Book Review of
Farewell To Manzanar
During World War II a community called Manzanar was created in the high mountain desert country of California. Its purpose was to house thousands of Japanese Americans. Among them was the Wakatsuki family, who were ordered to leave their fishing business in Long Beach and take with them only the belongings they could carry. Jeanne Wakatsuki Houston, who was seven years old when she arrived at Manzanar in 1942, recalls life in the camp through the eyes of the child she was. First published in 1973, this new edition of the classic memoir of a devastating Japanese American experience includes an inspiring afterword by the authors.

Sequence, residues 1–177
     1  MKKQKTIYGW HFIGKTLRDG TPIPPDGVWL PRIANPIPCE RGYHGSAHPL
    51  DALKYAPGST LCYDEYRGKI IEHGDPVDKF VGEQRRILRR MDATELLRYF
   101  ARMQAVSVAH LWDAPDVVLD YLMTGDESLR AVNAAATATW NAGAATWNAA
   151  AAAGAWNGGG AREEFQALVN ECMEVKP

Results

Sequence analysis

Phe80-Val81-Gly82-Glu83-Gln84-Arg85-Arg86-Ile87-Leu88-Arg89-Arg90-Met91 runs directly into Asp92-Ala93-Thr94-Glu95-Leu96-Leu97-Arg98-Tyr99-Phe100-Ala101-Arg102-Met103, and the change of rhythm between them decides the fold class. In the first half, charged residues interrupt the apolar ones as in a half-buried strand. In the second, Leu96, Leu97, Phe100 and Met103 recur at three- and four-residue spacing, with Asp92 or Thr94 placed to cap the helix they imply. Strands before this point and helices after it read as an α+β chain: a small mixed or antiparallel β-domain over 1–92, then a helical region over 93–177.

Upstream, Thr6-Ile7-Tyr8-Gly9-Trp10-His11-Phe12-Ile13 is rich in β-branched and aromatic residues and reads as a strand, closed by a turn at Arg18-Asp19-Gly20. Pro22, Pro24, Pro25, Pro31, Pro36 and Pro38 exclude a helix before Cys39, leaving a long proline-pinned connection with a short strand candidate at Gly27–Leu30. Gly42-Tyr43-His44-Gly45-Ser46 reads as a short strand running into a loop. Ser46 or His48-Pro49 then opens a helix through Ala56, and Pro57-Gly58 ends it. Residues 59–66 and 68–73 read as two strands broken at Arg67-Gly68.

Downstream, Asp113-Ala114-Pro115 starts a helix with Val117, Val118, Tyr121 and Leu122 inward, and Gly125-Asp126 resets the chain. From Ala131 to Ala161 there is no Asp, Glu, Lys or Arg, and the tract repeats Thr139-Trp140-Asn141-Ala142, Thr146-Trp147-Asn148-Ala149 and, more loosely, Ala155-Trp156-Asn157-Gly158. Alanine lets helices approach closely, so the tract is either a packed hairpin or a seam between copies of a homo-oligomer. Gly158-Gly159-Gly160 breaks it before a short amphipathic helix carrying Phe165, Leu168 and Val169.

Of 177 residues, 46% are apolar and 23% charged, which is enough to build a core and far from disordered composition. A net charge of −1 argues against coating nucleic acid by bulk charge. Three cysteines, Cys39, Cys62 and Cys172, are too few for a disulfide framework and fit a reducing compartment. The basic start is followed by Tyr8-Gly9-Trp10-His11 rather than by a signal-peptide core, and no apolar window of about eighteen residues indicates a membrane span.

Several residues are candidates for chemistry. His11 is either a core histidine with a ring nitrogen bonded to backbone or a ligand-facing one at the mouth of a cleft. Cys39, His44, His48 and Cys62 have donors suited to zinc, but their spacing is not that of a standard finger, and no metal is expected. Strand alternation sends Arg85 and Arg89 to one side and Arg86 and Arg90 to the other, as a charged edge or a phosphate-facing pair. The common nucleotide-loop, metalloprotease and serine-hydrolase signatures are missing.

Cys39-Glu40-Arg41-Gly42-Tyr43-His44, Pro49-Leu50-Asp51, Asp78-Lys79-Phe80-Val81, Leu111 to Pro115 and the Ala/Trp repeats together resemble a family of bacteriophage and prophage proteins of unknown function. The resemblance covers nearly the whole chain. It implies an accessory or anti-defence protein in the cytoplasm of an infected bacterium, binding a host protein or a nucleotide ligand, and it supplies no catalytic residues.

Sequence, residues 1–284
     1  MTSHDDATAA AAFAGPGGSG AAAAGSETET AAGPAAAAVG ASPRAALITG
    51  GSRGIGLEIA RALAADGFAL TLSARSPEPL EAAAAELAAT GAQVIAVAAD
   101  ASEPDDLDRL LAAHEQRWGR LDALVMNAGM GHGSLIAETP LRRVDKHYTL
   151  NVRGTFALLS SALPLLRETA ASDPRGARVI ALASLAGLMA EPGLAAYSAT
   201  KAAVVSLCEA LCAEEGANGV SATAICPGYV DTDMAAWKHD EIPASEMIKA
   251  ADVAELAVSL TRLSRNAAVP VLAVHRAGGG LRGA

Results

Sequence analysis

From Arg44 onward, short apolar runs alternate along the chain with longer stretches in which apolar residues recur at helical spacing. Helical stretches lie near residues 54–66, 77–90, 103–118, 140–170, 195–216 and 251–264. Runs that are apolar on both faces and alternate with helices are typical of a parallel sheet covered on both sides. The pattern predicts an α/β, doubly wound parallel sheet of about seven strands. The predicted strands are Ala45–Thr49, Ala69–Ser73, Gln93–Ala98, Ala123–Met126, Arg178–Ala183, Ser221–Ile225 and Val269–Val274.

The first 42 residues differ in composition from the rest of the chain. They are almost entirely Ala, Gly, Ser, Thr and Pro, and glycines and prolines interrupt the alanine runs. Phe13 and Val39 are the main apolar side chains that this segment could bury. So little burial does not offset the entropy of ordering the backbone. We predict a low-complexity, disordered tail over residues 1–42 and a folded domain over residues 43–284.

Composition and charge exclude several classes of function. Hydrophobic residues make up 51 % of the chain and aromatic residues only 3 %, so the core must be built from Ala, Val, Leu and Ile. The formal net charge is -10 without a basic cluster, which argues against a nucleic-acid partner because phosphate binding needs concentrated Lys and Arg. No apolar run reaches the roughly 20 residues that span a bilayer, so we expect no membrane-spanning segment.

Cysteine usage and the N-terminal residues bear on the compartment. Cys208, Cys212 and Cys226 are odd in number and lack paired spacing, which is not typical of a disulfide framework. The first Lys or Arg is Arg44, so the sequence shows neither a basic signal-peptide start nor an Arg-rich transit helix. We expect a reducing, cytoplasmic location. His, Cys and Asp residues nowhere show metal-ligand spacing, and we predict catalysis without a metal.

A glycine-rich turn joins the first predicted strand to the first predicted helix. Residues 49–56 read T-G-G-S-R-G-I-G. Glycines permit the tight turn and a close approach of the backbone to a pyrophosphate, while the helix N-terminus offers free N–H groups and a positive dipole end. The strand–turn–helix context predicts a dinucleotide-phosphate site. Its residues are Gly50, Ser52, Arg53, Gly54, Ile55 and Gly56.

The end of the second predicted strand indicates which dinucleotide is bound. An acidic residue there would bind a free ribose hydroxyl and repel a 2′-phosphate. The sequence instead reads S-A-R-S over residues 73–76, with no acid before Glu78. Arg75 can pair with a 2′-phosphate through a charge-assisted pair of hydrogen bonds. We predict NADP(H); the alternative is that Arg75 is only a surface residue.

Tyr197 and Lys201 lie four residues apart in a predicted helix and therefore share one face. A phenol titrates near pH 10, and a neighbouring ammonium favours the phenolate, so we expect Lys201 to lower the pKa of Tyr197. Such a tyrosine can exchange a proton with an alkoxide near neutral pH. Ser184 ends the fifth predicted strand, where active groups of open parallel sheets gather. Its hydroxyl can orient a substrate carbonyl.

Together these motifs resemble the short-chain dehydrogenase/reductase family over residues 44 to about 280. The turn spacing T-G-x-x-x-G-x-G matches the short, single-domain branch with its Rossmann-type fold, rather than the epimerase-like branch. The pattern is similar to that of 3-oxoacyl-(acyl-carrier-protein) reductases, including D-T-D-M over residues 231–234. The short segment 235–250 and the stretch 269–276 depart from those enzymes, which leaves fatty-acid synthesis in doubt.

Farewell To Manzanar is a memoir of life in Manzanar, a Japanese internment camp during WWII. This book was published in 1973, and I can’t believe that I have never read it. I feel like this is a book that should be required reading in school.
It is a powerful story. It is also an important part of our history that we need to know about. If we don’t our history, we will repeat it. We can’t erase history, but we can remember it and learn from it so that it doesn’t happen again.
Farewell to Manzanar shares life in an internment camp through the eyes of a child. This is a book that I can’t stop thinking about. This book will be one that I am recommending for years to come.